[0008] In an exemplary embodiment, responsive to rotation of the rotating rod around the first axis and in a first rotational direction between a first angular position and a second angular position, the reduced disc may rotate synchronously with the rotating rod between the first angular position and the second angular position, and the guide rod may move up and down along the second axis due to the roller moves on the concave surface between a first end of the concave surface and a second end of the concave surface. In an exemplary embodiment, the first angular position may be associated with the first end of the concave surface.

[0009] In an exemplary embodiment, responsive to rotation of the rotating rod around the first axis and in the first rotational direction between the second angular position and a third angular position, the reduced disc may rotate synchronously with the rotating rod between the second angular position and the third angular position and the guide rod may move on a top surface of the clutch arm due to the push pin pushes a first end of the circular slot and the rotary clutch member rotates synchronously with the reduced disc.

[0010] In an exemplary embodiment, responsive to rotation of the rotating rod around the first axis and in a second rotational direction between the third angular position and a fourth angular position, the reduced disc may rotate synchronously with the rotating rod between the fourth angular position and the first angular position and the guide rod may move on the top surface of the clutch arm and the roller may move on the outer periphery of the reduced disc due to the rotary clutch member rotates synchronously with the reduced disc due to the push pin pushes a second end of the circular slot.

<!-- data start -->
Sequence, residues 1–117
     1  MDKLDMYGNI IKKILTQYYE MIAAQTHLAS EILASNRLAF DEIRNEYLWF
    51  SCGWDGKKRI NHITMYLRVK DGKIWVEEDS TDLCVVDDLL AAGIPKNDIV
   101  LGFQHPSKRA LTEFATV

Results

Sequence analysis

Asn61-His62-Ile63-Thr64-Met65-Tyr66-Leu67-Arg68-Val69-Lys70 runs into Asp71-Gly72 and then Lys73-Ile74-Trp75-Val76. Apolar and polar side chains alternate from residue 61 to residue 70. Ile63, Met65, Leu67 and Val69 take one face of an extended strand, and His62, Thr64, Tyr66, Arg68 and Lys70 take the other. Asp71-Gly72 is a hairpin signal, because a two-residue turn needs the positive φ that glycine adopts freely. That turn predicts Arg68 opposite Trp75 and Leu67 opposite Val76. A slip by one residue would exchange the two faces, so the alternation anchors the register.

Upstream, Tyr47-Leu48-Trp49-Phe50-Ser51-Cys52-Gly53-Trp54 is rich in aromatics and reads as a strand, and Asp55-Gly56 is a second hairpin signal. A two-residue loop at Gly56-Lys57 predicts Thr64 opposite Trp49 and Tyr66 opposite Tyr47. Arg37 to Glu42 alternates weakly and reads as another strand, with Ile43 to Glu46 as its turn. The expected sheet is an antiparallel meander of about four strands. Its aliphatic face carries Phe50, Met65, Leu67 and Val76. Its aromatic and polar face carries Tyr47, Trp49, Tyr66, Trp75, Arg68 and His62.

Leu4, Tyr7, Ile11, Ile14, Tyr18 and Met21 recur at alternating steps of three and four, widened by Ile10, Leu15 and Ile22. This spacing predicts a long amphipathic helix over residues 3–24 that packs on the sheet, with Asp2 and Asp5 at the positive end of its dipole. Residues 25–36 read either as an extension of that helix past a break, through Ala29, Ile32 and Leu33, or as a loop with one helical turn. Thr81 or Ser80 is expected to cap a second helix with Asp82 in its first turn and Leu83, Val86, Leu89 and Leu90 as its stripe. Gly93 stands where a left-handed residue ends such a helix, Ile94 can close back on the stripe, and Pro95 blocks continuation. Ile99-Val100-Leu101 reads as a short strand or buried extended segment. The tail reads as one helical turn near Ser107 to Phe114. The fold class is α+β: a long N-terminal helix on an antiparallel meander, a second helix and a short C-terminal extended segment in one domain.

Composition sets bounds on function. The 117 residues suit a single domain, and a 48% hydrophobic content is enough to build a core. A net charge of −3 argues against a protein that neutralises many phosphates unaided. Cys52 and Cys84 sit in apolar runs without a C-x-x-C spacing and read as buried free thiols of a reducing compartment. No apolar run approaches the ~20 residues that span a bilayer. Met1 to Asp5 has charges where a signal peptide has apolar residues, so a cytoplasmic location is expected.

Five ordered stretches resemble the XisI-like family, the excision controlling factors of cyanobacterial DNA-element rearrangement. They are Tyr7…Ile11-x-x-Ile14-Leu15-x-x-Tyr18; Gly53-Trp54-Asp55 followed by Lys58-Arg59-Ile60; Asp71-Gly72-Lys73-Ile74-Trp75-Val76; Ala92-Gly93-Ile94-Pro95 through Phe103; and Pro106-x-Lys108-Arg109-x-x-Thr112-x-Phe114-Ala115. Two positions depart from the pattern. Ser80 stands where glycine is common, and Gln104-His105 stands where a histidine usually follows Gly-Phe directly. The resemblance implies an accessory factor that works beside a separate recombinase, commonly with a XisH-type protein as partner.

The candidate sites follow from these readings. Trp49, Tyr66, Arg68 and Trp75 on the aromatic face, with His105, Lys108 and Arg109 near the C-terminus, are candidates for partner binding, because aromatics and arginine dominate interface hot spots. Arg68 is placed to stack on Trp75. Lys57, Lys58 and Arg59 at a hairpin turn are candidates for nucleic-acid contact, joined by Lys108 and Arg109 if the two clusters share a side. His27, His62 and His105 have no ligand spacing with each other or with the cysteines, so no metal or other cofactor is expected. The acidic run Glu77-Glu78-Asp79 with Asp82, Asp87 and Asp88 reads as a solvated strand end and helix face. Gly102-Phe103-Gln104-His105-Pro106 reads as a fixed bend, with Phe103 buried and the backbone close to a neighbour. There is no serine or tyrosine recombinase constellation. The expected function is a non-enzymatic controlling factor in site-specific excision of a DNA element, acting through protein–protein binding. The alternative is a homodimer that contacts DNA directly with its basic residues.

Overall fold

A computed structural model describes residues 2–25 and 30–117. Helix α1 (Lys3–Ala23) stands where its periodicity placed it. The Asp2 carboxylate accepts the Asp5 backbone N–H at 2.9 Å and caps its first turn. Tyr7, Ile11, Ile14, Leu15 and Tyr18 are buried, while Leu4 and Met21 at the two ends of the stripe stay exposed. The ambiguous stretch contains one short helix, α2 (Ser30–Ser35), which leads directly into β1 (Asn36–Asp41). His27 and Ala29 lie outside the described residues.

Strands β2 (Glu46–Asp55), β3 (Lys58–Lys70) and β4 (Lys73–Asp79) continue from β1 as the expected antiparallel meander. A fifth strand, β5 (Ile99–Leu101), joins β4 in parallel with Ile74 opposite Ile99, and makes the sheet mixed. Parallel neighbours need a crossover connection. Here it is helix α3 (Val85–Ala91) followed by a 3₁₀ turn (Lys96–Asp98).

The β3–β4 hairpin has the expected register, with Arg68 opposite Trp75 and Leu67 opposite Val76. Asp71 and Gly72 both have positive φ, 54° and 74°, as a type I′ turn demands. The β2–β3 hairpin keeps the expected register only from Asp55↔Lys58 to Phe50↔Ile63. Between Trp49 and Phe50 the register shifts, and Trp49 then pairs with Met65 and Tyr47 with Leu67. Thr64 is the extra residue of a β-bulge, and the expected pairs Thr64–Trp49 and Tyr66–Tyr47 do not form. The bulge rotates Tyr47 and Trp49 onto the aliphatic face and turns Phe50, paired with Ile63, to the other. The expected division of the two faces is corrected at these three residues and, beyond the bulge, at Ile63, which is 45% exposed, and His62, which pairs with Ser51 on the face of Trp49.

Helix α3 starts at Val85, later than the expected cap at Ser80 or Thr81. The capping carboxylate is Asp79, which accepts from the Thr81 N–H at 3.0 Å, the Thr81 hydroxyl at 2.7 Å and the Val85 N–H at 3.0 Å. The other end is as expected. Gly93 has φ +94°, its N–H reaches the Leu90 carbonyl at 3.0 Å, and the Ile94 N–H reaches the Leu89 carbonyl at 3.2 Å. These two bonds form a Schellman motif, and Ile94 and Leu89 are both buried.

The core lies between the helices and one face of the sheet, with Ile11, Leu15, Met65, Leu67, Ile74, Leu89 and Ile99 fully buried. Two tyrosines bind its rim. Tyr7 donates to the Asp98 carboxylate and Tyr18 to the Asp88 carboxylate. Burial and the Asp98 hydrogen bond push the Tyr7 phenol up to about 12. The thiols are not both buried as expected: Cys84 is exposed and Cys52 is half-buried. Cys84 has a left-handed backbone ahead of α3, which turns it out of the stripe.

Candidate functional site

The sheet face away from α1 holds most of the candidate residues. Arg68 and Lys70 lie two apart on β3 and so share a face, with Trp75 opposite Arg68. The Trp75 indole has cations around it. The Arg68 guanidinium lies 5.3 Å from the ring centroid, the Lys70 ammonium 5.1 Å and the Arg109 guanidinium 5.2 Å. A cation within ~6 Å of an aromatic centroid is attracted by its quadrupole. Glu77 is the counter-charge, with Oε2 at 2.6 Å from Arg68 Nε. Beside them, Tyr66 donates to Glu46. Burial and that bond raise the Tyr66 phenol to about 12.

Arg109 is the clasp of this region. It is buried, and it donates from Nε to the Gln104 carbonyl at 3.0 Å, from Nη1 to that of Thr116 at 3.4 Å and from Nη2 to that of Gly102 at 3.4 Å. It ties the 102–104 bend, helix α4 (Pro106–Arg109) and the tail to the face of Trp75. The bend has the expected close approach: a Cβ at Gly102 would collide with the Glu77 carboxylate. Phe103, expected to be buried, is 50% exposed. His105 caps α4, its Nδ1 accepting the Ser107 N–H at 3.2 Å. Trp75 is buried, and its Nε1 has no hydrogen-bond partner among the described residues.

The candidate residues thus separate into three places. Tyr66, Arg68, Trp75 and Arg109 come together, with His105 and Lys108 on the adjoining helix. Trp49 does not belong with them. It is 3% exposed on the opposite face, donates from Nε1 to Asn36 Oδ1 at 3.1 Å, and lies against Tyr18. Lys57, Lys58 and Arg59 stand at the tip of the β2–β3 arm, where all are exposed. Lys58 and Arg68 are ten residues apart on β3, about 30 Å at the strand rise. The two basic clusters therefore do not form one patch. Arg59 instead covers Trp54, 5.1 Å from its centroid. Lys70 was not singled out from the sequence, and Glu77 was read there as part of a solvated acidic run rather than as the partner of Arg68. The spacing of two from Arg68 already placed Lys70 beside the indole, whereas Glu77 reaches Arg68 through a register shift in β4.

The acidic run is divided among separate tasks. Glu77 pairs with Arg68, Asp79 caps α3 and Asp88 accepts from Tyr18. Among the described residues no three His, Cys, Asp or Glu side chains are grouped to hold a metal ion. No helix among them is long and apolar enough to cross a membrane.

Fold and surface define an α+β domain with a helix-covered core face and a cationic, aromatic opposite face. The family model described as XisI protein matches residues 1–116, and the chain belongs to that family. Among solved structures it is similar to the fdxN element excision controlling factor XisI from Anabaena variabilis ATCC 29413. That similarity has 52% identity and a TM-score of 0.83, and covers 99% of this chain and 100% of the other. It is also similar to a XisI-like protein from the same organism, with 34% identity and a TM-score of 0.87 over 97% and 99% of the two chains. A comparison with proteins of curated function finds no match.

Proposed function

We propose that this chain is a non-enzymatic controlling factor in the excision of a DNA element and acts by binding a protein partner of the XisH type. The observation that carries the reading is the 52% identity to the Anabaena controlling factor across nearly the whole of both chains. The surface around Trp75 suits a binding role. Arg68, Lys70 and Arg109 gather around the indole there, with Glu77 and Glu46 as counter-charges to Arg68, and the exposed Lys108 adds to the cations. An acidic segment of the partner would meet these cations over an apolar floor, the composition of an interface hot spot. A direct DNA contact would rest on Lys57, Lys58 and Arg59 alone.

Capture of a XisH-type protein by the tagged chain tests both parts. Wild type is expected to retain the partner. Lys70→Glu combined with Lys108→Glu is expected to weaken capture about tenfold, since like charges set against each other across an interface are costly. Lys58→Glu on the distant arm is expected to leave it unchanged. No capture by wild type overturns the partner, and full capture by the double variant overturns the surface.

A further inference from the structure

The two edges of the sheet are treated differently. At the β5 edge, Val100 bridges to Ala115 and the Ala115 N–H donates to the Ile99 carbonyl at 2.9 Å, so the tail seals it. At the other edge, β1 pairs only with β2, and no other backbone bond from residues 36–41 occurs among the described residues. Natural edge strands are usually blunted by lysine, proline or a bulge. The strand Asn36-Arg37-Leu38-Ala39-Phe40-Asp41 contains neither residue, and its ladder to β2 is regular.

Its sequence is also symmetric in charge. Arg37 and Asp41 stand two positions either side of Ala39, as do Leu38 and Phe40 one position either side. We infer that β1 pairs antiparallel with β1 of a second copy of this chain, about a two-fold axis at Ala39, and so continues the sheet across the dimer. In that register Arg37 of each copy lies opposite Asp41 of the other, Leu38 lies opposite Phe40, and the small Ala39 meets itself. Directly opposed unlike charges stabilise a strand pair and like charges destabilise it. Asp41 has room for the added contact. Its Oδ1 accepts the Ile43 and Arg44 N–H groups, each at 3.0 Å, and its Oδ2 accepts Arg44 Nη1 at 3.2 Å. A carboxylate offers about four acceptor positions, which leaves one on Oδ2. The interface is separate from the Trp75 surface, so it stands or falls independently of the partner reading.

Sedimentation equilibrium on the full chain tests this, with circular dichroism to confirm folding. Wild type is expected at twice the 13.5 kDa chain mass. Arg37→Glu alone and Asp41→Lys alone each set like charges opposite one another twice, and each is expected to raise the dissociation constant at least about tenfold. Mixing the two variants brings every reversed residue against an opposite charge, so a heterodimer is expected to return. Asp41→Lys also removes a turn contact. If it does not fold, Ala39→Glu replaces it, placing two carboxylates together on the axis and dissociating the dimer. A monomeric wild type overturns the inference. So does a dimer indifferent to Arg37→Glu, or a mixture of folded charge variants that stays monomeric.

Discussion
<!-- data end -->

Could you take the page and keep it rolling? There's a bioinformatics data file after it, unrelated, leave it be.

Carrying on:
[0011] In an exemplary embodiment, the rotary clutch member may further include a first sub slot intersecting the circular slot. In an exemplary embodiment, the first sub- slot may be configured to receive a first nut. In an exemplary embodiment, the first nut may be configured to be coupled with the rotary clutch member when the first nut is present in the first sub- slot. In an exemplary embodiment, responsive to rotation of the reduced disc around the first axis and in the first rotational direction between a sixth angular position and a seventh angular position. In an exemplary embodiment, the rotary clutch member may rotate synchronously with the reduced disc due to the push pin pushes the first nut.

[0012] In an exemplary embodiment, the rotary clutch member may further include a second sub- slot intersecting the circular slot. In an exemplary embodiment, the second sub- slot may be configured to receive a second nut. In an exemplary embodiment, the second nut may be configured to be coupled with the rotary clutch member when the second nut is present in the second sub-slot. In an exemplary embodiment, responsive to rotation of the reduced disc around the first axis and in the second rotational direction between an eighth angular position and a fifth angular position, the rotary clutch member may rotate synchronously with the reduced disc due to the push pin pushes the second nut.

[0013] In an exemplary embodiment, the first axis may include a main longitudinal axis of the rotating rod. In an exemplary embodiment, the second axis may include a main longitudinal axis of the guide rod. [0014] In an exemplary embodiment, responsive to rotation of the rotating rod around the first axis and in the second rotational direction between the third angular position and the fourth angular position, the reduced disc may rotate synchronously with the rotating rod between the third angular position and the fourth angular position and the guide rod is prevented from moving along the second axis due to a first pin of the guide rod may stand on the top surface of the clutch arm. In an exemplary embodiment, the first pin may be attached to a bottom end of the guide rod.